GLENDALE, Ariz. – Let’s play a little game called, “Who will open the 2021 season as the White Sox designated hitter?”
Manager Tony La Russa was willing to take part in this unofficial competition during a Tuesday Zoom, acknowledging Andrew Vaughn, the team’s top prospect, as the frontrunner. But that status didn’t hold long in La Russa’s mind.
“I'll do a little dance with you,” La Russa said. “It's fair to say he's the leading candidate and then I'll say thanks for the dance and walk away and say he's tied for first with the other guys that are the leading candidates.”
La Russa listed Gavin Sheets, who also has capabilities of playing first base and corner outfield spots, and Jake Burger, as other players who have been impressive through the first few days of camp and could work into that spot. Vaughn has to earn his promotion like anyone else, but in reality, he really is the favorite with general manager Rick Hahn adding recently how he’s seriously in the mix.
Vaughn has never had a plate appearance above Class A Advanced competition after being promoted to Winston-Salem in 2019 during the same season where he was the White Sox top draft pick. He didn’t have a 2020 Minor League season, like every other young player at the top prospect level on down affected by the COVID-19 pandemic.
But the 22-year-old’s focus is a bit narrower and a bit more personal.
“I mean, I just want to go out there and be me,” he said. “Whatever happens, happens. You set goals for yourself when you are a little kid in the backyard, ‘I want to play in the big leagues.’
“Going into it, yes, I would love to make the team. That’s my ultimate goal. I’m going to do everything I can, but you have to let the cards play how they are going to play. I’m going to give it my all. I know that.”
Potentially being added to one of the game’s most potent lineups doesn’t seem to affect Vaughn. It might actually help being one of the nine guys instead of the guy once he arrives.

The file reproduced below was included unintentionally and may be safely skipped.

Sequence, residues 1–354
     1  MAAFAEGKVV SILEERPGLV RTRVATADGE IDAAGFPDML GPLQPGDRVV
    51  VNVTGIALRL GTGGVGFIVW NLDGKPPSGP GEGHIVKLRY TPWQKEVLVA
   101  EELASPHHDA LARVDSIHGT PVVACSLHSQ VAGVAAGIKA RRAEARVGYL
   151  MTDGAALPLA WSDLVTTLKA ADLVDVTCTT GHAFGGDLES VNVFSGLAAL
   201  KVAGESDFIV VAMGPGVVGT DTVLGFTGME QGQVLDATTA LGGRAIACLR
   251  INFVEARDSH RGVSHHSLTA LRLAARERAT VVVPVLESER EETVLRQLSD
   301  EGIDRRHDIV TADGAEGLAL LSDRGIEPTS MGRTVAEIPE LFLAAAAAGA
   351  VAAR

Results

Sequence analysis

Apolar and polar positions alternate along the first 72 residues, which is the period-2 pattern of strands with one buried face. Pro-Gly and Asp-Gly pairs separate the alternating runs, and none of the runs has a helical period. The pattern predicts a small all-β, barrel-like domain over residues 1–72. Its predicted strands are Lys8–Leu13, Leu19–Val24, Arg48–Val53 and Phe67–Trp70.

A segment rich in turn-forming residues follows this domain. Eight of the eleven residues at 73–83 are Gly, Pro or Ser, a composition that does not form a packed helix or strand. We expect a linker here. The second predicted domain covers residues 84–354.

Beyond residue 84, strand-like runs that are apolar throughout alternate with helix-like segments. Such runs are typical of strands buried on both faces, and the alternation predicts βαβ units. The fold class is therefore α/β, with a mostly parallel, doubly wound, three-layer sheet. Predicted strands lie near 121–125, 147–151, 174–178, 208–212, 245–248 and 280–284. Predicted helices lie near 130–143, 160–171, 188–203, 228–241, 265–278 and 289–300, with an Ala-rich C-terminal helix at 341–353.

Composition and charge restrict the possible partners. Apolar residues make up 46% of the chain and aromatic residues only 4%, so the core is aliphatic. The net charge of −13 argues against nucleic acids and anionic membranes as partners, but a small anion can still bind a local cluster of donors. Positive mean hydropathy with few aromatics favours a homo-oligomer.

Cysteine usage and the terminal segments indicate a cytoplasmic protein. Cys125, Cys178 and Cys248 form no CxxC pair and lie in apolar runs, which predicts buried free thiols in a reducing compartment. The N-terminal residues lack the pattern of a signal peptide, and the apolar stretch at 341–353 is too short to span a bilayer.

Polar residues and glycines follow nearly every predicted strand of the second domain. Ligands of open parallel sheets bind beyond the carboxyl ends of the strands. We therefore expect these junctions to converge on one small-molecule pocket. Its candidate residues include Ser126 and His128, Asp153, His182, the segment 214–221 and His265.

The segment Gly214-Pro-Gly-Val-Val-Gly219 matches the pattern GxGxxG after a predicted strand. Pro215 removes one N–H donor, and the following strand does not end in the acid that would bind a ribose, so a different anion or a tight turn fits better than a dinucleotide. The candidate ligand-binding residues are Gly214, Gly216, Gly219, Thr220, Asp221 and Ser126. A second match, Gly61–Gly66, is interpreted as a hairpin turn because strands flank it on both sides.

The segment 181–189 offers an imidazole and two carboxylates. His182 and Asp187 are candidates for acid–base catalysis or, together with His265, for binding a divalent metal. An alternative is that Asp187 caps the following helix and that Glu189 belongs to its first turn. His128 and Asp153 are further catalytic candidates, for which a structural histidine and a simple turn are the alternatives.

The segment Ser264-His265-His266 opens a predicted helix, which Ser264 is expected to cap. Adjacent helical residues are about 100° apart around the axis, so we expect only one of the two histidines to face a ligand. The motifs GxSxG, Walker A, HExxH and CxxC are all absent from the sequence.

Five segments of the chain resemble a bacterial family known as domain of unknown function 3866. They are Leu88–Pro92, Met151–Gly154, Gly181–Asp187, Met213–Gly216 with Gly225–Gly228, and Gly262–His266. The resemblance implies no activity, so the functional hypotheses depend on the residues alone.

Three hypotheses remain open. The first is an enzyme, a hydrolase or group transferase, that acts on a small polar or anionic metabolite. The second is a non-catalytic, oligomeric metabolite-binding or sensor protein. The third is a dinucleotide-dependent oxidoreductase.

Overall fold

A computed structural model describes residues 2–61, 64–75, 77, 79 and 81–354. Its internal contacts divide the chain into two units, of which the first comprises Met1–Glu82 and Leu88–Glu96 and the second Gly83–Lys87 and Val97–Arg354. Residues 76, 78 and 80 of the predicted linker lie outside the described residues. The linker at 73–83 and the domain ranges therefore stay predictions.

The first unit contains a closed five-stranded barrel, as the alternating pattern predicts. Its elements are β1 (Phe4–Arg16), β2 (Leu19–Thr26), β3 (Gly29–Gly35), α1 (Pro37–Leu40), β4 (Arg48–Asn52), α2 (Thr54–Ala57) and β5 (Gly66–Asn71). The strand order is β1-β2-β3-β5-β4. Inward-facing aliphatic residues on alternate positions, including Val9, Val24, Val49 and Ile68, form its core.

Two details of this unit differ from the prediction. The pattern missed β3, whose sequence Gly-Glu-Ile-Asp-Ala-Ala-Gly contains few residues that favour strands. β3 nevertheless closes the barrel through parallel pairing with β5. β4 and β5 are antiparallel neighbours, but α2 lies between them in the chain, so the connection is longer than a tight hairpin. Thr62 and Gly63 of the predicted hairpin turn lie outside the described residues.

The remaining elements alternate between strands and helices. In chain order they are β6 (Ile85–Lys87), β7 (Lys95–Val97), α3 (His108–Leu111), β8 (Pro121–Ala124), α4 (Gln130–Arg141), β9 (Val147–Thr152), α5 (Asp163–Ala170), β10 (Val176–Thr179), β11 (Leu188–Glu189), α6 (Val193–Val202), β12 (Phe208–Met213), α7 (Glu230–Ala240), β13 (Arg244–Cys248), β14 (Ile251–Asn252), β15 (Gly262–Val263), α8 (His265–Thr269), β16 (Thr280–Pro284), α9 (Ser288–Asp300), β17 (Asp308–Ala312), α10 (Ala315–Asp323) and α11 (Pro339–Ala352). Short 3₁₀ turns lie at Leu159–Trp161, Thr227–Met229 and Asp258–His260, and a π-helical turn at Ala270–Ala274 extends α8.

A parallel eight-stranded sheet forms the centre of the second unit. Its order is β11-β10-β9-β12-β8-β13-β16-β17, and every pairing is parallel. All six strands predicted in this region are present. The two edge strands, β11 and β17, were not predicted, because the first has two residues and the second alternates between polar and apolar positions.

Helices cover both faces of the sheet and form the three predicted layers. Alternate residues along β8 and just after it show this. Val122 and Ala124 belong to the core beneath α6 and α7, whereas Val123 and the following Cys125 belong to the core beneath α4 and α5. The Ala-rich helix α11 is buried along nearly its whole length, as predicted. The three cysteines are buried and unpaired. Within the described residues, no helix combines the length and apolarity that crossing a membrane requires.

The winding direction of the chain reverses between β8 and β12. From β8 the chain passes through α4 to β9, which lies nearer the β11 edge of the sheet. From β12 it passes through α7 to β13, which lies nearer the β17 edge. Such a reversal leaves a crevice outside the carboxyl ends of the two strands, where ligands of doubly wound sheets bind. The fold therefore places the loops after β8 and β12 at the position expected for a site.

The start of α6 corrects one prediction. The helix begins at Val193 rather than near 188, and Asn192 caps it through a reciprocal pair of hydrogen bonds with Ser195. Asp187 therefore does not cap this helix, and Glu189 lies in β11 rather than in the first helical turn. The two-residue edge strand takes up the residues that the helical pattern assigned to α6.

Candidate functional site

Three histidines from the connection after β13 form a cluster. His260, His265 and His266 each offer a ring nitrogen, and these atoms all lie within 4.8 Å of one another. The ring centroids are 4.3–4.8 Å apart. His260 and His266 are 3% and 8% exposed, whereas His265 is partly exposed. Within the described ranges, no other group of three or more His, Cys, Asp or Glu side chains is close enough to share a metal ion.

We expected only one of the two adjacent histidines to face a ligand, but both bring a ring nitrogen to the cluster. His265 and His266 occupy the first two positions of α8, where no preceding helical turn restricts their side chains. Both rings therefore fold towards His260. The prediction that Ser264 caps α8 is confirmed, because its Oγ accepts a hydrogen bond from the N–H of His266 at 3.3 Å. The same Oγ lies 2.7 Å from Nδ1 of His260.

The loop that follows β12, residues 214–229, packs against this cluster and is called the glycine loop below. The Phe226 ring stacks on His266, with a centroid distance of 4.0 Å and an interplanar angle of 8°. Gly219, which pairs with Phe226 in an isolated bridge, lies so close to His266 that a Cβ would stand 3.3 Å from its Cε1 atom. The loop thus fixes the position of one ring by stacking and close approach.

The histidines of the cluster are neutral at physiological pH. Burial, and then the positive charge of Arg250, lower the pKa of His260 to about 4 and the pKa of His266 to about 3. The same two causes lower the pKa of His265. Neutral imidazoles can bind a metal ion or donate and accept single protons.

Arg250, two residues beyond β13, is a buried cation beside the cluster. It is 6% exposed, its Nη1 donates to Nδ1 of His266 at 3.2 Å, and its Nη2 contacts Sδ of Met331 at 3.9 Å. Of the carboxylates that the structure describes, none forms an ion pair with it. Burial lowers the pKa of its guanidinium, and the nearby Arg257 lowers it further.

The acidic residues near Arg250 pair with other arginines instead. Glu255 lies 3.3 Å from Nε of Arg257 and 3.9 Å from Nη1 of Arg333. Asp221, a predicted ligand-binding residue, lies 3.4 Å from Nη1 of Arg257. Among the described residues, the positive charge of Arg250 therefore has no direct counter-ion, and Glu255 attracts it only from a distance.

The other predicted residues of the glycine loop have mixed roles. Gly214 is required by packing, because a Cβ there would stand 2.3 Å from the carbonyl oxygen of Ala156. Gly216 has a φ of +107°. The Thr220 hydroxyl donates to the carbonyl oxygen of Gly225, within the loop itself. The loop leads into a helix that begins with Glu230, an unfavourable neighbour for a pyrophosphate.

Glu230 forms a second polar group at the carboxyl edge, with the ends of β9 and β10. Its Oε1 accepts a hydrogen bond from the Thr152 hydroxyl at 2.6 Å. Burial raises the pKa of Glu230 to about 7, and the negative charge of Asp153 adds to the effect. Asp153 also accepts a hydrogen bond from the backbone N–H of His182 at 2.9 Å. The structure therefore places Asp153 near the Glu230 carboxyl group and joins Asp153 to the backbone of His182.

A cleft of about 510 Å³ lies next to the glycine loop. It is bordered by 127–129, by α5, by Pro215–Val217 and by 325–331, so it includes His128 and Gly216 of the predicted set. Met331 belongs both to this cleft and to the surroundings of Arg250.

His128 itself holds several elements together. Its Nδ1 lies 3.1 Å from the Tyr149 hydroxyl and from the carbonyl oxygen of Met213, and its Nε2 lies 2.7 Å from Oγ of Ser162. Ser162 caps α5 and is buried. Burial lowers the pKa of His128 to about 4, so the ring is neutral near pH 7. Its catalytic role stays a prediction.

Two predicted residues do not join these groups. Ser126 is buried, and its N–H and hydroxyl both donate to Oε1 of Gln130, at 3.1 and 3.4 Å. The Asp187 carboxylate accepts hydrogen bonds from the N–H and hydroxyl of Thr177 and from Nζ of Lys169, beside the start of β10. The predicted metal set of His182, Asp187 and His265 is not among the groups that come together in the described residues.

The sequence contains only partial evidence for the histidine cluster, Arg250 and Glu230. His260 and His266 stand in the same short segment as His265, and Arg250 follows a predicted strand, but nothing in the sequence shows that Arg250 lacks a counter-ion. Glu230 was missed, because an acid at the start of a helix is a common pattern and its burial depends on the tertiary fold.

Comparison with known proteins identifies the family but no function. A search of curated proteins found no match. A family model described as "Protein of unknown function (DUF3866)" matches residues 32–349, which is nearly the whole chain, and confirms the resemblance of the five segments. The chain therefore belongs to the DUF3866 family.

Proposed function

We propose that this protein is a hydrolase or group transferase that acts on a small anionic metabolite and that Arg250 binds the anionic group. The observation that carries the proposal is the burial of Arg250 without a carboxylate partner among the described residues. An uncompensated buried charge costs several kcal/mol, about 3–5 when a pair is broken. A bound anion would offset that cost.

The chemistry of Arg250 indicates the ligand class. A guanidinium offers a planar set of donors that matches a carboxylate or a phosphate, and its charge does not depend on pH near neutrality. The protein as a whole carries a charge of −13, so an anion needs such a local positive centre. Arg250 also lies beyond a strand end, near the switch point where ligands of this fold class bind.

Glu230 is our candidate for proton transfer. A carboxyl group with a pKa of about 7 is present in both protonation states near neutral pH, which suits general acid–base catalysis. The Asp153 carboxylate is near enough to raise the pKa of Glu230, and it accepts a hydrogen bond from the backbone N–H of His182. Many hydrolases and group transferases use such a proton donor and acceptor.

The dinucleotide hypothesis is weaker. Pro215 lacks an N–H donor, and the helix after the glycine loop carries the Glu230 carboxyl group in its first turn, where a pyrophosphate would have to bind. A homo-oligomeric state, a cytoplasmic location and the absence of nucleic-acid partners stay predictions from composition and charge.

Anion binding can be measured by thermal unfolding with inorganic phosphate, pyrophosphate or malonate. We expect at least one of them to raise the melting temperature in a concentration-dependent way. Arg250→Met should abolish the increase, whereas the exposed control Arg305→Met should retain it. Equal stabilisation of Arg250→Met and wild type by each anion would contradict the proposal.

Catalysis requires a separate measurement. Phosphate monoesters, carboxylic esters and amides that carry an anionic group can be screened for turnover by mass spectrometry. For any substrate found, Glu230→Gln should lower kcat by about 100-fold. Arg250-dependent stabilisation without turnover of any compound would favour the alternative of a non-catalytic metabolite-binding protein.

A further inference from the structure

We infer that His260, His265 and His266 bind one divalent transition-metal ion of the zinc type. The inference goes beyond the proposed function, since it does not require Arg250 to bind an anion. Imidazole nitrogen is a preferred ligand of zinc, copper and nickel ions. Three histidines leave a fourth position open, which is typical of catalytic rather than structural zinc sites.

Many in the organization have talked about Vaughn’s advanced approach and fearlessness offensively. Regardless of his lack of experience, it would be tough to bet against him. But while La Russa is impressed in what Vaughn has shown, there are no guarantees.
“He's being viewed as having an opportunity to make the club,” La Russa said. “But when we start putting down the guys you expect to make the club, the guys that have an opportunity, one's in pencil, one's in ink. He's in pencil.
“You're just honestly telling him first of all the way he practices … once he gets in there during the game, how does he handle the at-bats? I know he's going to be working them. He's got to earn his way on the club. There's no doubt in my mind sooner rather than later he's going to be a real productive hitter. My advice is, which I think he already had coming in, every day you go out there make an impression.”
If there was a ’20 Minor League season, talk of a Vaughn big league promotion wouldn’t cause the slightest hesitation. But even without that competition, Vaughn felt as if he progressed at the team’s alternate training site in Schaumburg last season by facing better pitching than what he might have been facing in the Minors and sometimes taking 8-10 at-bats per day during intrasquad competition.
As for a slick fielding first baseman moving to the DH role, Vaughn views the role as if he were playing a position.
“You have to stay active,” he said. “You can’t be the guy who takes his at-bat, sits on the bench and thinks about it for eight more hitters. You have to go into it with a plan as you do at any other position, but you have that opportunity to go out to the field and kind of flush it. It’s a mindset to take on that role.”
The 2020 White Sox season ended via a deciding Game 3 loss in Oakland during an American League Wild Card Series, with Vaughn sitting in the stands watching as part of the extended taxi squad/traveling party. If he wins out in the DH battle, Vaughn could change the season-ending story for both himself and the team.
“It was very cool to get a glimpse of it,” Vaughn said. “It’s definitely going to push everybody, everybody who got to watch it, everybody that was involved in it, I think it’s going to be helpful.
“I feel very confident with my skillset. I can go and I can compete against anybody, and I do love the challenge. Major League pitching is elite, but I think my skill set can apply to that game.”